Shades of Milk and Honey
(Glamourist Histories #1)
By Mary Robinette Kowal
Shades of Milk and Honeyis an intimate portrait of Jane Ellsworth, a woman ahead of her time in a version of Regency England where the manipulation of glamour is considered an essential skill for a lady of quality. But despite the prevalence of magic in everyday life, other aspects of Dorchester’s society are not that different: Jane and her sister Melody’s lives still revolve around vying for the attentions of eligible men.
Jane resists this fate, and rightly so: while her skill with glamour is remarkable, it is her sister who is fair of face, and therefore wins the lion’s share of the attention. At the ripe old age of twenty-eight, Jane has resigned herself to being invisible forever. But when her family’s honor is threatened, she finds that she must push her skills to the limit in order to set things right–and, in the process, accidentally wanders into a love story of her own.
Set in the Jane Austen era and written generally in that style, Shades of Milk and Honeyfollows Jane Ellsworth as she struggles to accept that she will likely never marry since she is single at the ripe old age of 28 and not nearly as pretty as her younger sister Melody. What Jane does have going for her is a superior ability to manipulate ‘glamour’, a form a magic that allows one to change how something looks or sounds or smells. It is considered an art, not a science, so is relegated to the women’s realm. Men have the ability but most don’t bother to learn how to glamour, unless they are especially adept. (Per usual, the best teachers are men even though young women are supposed to be the students.)
Jane knows her glamour skills are better than most but only uses them in the typical ways – to enhance her painting or piano-playing, to create a parlor with a slight breeze that smells of honeysuckle for guests. She doesn’t dare indulge in applying a glamour to herself, as in the case of a neighboring young woman who glamours her face to be prettier. Jane fears what will happen when the suitor has to deal with the reality underneath the magic.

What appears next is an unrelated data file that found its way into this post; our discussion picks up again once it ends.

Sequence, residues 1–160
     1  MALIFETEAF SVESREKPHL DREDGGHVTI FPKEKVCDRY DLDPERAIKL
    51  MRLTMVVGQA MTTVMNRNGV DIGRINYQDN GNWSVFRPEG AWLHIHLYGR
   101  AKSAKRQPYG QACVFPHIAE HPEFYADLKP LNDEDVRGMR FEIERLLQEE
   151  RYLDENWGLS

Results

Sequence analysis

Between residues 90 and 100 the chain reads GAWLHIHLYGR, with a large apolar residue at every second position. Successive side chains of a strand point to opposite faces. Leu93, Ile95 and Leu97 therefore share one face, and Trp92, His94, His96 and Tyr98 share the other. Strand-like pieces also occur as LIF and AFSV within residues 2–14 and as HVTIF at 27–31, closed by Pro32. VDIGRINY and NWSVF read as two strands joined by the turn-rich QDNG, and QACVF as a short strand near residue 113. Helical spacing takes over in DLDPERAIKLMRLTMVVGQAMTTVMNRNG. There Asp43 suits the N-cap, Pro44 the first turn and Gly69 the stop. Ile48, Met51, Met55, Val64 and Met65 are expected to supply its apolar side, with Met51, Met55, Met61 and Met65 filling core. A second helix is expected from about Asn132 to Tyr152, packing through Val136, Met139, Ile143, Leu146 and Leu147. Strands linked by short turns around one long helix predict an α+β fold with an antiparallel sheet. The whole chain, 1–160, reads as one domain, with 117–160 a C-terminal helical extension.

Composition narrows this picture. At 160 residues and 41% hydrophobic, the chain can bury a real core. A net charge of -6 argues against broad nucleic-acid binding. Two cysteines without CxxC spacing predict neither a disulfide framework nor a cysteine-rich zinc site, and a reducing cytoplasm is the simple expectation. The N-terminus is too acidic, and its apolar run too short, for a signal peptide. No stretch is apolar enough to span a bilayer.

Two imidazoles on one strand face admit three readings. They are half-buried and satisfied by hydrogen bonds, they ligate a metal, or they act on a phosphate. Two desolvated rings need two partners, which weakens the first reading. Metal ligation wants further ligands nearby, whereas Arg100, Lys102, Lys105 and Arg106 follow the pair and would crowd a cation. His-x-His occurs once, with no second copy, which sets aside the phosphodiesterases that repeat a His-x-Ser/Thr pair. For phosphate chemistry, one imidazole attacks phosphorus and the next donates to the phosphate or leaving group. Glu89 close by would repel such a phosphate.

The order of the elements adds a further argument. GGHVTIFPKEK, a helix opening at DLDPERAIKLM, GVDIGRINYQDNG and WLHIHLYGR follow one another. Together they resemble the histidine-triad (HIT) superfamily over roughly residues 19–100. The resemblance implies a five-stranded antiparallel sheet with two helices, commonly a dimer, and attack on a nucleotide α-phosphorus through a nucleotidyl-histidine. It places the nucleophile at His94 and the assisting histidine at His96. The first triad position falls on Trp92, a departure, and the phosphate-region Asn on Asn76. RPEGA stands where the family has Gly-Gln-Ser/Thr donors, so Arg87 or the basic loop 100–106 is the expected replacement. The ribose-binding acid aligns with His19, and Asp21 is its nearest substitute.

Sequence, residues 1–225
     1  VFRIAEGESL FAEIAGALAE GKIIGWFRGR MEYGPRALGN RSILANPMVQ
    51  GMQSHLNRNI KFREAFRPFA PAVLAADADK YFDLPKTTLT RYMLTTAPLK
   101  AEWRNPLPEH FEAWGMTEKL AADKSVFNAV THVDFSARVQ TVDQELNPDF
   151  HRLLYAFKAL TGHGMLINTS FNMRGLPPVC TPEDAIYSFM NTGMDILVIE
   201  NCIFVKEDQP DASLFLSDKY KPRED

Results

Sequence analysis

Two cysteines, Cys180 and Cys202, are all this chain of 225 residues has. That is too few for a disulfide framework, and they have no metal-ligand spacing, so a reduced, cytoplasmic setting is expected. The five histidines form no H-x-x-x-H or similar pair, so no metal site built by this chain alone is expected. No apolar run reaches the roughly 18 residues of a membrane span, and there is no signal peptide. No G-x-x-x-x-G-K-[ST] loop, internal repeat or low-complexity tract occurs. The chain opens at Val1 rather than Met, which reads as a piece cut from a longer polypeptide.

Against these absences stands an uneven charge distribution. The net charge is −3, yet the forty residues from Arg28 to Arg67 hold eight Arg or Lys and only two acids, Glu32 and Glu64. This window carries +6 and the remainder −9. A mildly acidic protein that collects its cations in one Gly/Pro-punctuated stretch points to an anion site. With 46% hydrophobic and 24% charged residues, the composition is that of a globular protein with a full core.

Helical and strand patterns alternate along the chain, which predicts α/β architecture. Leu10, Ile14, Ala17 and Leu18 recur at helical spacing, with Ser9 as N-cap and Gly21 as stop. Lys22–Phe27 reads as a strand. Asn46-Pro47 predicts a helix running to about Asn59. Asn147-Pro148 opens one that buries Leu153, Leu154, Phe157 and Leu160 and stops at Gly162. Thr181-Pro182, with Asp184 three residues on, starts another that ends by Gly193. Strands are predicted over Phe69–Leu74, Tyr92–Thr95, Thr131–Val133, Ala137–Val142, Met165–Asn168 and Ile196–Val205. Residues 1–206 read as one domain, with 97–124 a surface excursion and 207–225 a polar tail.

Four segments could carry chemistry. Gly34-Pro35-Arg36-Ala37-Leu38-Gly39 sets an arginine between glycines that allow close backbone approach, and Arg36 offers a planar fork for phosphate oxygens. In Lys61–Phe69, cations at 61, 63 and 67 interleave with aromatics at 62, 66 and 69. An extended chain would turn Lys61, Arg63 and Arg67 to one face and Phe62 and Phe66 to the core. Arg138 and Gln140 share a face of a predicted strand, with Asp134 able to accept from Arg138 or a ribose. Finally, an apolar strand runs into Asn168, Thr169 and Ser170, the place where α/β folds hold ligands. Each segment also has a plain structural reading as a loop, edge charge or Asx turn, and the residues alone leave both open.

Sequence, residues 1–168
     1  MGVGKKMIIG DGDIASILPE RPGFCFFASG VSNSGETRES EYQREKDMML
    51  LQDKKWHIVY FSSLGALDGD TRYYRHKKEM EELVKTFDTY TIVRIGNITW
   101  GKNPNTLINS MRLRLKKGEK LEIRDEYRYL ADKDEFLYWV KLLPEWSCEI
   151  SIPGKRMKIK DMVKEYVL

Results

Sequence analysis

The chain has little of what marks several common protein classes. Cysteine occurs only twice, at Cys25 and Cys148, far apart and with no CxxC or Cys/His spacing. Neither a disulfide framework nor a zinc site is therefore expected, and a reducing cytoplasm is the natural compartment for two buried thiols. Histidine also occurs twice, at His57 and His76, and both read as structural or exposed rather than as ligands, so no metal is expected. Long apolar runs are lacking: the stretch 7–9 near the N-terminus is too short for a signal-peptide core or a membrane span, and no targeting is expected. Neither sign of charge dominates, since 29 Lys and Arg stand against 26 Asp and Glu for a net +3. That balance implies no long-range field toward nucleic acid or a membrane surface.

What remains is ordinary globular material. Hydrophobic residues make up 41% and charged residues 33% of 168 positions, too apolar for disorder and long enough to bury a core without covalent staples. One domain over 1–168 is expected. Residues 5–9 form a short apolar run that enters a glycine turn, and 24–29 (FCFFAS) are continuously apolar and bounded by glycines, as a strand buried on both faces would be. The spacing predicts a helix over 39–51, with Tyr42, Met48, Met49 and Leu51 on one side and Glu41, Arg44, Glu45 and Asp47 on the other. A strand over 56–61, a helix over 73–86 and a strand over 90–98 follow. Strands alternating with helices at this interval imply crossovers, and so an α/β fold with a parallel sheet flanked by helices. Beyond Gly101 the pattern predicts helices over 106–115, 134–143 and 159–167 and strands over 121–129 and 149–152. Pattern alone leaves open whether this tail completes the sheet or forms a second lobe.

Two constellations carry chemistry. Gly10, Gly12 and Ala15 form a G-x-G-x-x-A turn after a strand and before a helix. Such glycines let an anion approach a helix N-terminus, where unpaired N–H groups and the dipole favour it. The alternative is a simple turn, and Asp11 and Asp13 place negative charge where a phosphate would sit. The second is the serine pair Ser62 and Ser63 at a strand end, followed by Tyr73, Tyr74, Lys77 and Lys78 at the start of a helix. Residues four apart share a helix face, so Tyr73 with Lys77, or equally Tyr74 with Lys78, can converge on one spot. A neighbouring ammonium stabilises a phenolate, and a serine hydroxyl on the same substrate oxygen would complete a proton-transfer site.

Melody is pretty and lovely and flirts exceptionally but has little skill in glamour. Both have the case of the grass being greener. Jane knows that a man wants a pretty wife. Melody sees her sister’s skill as more attractive because what can a pretty face do? The title comes from the description of Melody’s complexion as shades of milk and honey, and drives home Jane’s inadequacy as a major component of the story.
They are both interested in Mr. Dunkirk. Jane is surprised when she learns Melody likes the man but respectfully hides her own feelings. She preens internally when Mr. Dunkirk compliments her glamours and comments on how that sort of skill can really make a house a home. When his sister Beth arrives, her interest in learning about glamour turns into a friendship with Jane, which is something of a comfort as Jane and Melody are drifting further and further apart as their emotions and pursuits cause each other pain.
Also in the area is Mr. Vincent, a renowned glamourist hired by the FitzCamerons to complete an intricate mural in their dining room. Jane has several encounters with Mr. Vincent that challenge her, often making her uncomfortable. He glowers at her for peering into the magic behind his work before the mural is complete. He prefers that the audience take in the effect for what it is instead of trying to see the structure that holds it together. When he completes a glamour during a group outing that makes him disappear, she is able to decipher his technique and quickly copies the spell which earns more derisive remarks. She is intrigued by Mr. Vincent but also on edge around him as he isn’t particularly pleasant and makes strong pronouncements that confound her and make her question her own art and skill.
Add into the mix Captain Livingston, nephew of Lady FitzCameron and childhood friend of the Jane and Melody, and even more romantic options, hence intrigue, ensues.
While on the surface a story about a potential spinster trying to make do with her lot in life, Shades of Milk and Honey had a deeper theme of passion. What is art without passion? What is life? Should Jane really accept what appears to be her future or should she find a way to pursue pleasure? Emotions run high underneath the societal rules of civility and Jane needs to learn how to explore and even embrace those emotions for a fuller existence.
I always enjoy Regency era stories that are about people, as opposed to events. Not every tale needs to be about the larger world. A domestic drama can be just as compelling if the personal stakes are high for the characters. Jane and Melody’s futures, as well as a threat to the family’s drama, are very real for them so push the plot up the hill to the climactic fight scene. (The only spoiler you’ll get.)